My holiday wish is for teacher unions to expand their business model to include all public education teachers, and not just those employed by school districts.
The industrial model of unionism that teachers borrowed from the auto and steel workers 50 years ago assumes a large number of employees working in a centralized, command-and-control management system. Unions lose money when they apply this industrial unionism to smaller, decentralized employers such as charter and private schools. Consequently, they protect their desired market by opposing all school choice programs that enable students to attend schools not owned and managed by school districts.
But they are losing this fight. Parents like school choice. More than 40 percent of Florida students – 1.3 million – are now attending a choice school, and their numbers are increasing daily. As teachers move with their students and membership losses accelerate, teacher unions will eventually be forced to expand their business model to include services for teachers working for smaller, non-district employers. This expansion might include providing charter, virtual and private school teachers with liability insurance, financial planning, professional development, political advocacy and employee leasing for teachers willing to pay unions for guaranteed employment.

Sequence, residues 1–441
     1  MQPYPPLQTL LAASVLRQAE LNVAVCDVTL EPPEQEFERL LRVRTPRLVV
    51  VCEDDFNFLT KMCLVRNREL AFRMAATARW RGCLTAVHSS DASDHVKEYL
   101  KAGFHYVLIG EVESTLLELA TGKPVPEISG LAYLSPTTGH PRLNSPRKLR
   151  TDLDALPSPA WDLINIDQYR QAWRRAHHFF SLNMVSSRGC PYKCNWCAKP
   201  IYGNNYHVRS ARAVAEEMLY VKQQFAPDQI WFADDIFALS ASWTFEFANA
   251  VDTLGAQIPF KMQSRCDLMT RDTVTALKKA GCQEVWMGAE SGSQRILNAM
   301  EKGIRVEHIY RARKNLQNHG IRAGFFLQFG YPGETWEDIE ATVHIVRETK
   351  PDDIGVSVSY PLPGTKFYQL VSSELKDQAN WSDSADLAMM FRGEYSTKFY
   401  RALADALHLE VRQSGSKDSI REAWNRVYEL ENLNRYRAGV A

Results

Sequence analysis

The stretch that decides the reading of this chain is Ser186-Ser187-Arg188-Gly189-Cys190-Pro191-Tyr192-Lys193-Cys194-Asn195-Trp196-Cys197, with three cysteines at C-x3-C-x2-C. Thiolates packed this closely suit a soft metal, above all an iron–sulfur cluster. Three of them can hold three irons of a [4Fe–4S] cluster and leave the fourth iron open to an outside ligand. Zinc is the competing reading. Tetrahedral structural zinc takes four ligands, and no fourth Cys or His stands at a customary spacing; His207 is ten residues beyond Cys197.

Teacher unions are an important vehicle through which teachers can make their voices heard and impact political decision making, but they have historically been conservative and resistant to change. The National Education Association, the nation’s largest teacher organization, resisted collective bargaining for several years and only relented after losing thousands of members to the AFL-CIO affiliated American Federation of Teachers. Both the NEA and AFT will refuse to embrace a more progressive, inclusive unionism until their membership losses are so severe they have no other choice.
This day is coming. When it arrives, teachers, unions, students and the public will all benefit.
Coming Friday: Two posts. Wishing school choice parents were impossible to ignore. And wishing for more information to help parents make the best choice.